by Countryside Alliance

Defra has released its fly-tipping statistics for 2017/18 which shows a slight decrease of 1% in incidents.

Head of Policy at Countryside Alliance, Sarah Lee commented: “If we are going to tackle this scourge of fly-tipping then the Government must not only act on the recommendations of independent review into ‘serious and organised crime in the waste sector’ but go further and stop the injustice that means those who are the victim of it also have a responsibility to dispose of the waste legally. With nearly a million incidents of fly-tipping a year, nearly 20,000 a week, costing the public purse £12.2 million, we must give the criminals responsible real cause to fear the consequences of their actions. It is time for action where we must punish the perpetrators and not the victims.”

Key points:

  • For the 2017/18 year, local authorities in England dealt with just under 1 million (998,000) fly-tipping incidents, a slight decrease of 1% from the 1,011,000 reported in 2016/17, following annual increases since 2013/14.
  • Two thirds (66%) of fly-tips involved household waste. Total incidents involving household waste decreased by 4% from 2016/17.
  • Consistent with previous years, the most common place for fly-tipping to occur was on highways, which accounted for almost half (47%) of total incidents in 2017/18. The number of highway incidents has decreased by 7% from 2016/17.
  • As in the last few years, the most common size category for fly-tipping incidents in 2017/18 was equivalent to a ‘small van load’ (33% of total incidents), followed by the equivalent of a ‘car boot or less’ (28%).
  • In 2017/18 34,000 or 4% of total incidents were of ‘tipper lorry load’ size or larger, which is similar to 2016/17. For these large fly-tipping incidents, the cost of clearance to local authorities in England in 2017/18 was £12.2 million, compared with £9.9 million in 2016/17. This increase was driven by an increase in the number of incidents in the largest size category of ‘significant/multi loads’.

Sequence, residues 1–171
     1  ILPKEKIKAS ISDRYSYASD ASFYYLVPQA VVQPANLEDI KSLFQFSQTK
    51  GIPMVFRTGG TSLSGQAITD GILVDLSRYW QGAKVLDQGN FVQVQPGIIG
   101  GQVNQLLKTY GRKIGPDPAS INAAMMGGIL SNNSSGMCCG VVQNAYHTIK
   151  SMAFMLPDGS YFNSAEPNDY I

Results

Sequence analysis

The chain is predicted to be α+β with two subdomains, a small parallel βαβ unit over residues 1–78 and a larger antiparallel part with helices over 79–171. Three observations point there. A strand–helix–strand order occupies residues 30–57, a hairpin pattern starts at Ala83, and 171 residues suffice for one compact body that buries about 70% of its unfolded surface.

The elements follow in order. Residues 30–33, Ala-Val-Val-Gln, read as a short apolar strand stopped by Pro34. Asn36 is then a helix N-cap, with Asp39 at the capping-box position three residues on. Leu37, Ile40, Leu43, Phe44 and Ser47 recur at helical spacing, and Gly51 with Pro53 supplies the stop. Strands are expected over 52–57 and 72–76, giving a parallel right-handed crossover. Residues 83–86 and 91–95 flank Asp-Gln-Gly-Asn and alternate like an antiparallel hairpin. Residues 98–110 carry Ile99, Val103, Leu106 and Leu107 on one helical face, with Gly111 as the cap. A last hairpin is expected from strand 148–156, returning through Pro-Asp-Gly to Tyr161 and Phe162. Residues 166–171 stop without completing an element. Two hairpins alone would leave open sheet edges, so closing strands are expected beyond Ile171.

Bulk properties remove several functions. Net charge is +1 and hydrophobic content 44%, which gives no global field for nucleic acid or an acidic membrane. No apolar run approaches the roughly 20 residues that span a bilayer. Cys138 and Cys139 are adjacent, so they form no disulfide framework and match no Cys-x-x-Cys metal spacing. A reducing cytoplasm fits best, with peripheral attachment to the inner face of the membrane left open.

• Local authorities carried out 494,000 enforcement actions in 2017/18, an increase of 18,000 actions (4%) from 2016/17.
  • The number of fixed penalty notices issued has continued to increase, up 20% to 69,000 from 2016/17 and up 91% on 2015/16. This is the second most common enforcement action (after investigations), and accounted for 14% of all enforcement actions in 2017/18.
  • For 2017/18, 44% of local authorities in England voluntarily provided a more detailed breakdown of fixed penalty notices issued. For these local authorities, 11% of fixed penalty notices were issued specifically for small scale fly-tipping, 52% in relation to littering and 37% in relation to other offences.

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